Dun Troddan Broch, Highlands
Glen Beag, Glenelg
Brochs are massive, circular, prehistoric fortified dwellings some 2,500 years old. They have been built using a drystane construction method with walls typically 12 feet thick and an inside floor space of around 30 feet in diameter.
These round-houses were built and occupied from around 800BC until the second century AD. This is the earlier part of the Scottish Iron Age when defensive hill forts were being constructed in prominent and strategic positions in the landscape across the British Isles.
Dun Troddan is a fabulous example of an Iron Age broch, which are unique to Scotland, and therefore such special places to visit and explore. It is situated just 600 yards from its sister Broch, Dun Telve, albeit on higher ground rather than valley floor within its sheltered glen. With walls 2500 years old still standing to a height of 25 feet with internal mural walls typical of a broch, this is a fabulous special place to visit. Once there would have been internal wooden floors long gone, but the stone steps and internal walls give a good idea how the broch would have looked like as a home back in the Iron Age.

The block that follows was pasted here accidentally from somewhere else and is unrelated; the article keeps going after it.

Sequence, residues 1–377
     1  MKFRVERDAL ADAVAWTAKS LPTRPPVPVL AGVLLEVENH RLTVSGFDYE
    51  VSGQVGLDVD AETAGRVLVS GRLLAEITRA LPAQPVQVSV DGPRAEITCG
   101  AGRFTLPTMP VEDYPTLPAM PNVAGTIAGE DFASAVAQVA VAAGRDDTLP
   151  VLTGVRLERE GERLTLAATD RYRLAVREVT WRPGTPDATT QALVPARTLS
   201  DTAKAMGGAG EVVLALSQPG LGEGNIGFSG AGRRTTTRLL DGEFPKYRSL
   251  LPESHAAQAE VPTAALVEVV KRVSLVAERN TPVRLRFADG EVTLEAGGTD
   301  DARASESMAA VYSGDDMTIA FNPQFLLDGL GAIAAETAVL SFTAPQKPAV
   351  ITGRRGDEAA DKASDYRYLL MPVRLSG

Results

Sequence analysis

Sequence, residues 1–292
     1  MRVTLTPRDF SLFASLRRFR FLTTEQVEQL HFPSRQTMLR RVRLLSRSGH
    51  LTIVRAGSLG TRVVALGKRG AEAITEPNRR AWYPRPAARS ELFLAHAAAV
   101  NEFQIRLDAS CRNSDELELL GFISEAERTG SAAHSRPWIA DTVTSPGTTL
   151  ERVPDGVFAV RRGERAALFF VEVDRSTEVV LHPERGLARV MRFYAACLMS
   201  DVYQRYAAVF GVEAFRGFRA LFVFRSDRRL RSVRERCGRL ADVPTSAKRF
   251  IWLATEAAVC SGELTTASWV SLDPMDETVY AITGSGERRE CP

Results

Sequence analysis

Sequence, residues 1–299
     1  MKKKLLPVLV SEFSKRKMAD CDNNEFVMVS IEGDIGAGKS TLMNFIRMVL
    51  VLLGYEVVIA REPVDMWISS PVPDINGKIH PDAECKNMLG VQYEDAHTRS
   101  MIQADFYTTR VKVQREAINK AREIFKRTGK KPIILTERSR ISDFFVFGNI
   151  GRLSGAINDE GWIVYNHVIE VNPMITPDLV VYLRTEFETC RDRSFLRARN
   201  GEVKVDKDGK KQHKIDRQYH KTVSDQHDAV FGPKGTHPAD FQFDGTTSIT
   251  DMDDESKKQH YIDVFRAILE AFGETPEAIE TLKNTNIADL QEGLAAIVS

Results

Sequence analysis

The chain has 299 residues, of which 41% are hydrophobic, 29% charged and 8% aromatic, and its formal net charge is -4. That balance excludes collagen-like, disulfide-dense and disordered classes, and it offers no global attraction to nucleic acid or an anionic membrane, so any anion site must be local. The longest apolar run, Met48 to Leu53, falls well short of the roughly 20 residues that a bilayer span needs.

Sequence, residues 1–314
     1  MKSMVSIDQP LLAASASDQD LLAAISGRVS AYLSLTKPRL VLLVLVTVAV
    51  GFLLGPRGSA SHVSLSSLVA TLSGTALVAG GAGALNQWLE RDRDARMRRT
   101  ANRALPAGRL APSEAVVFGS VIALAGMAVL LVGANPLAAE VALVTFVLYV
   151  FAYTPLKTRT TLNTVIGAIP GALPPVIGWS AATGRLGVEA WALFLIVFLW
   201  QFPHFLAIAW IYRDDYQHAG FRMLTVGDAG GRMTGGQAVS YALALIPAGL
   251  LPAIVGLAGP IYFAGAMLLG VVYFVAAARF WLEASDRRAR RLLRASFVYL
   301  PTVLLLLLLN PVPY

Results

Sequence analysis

You can see Dun Telve lower down the glen between the trees. Like its sister broch, this too is located next to the road, so again access is very easy. In the other direction further up the glen as the road becomes a rough track, can be found an earlier broch, Dun Grugaig, that requires a little more determination to discover.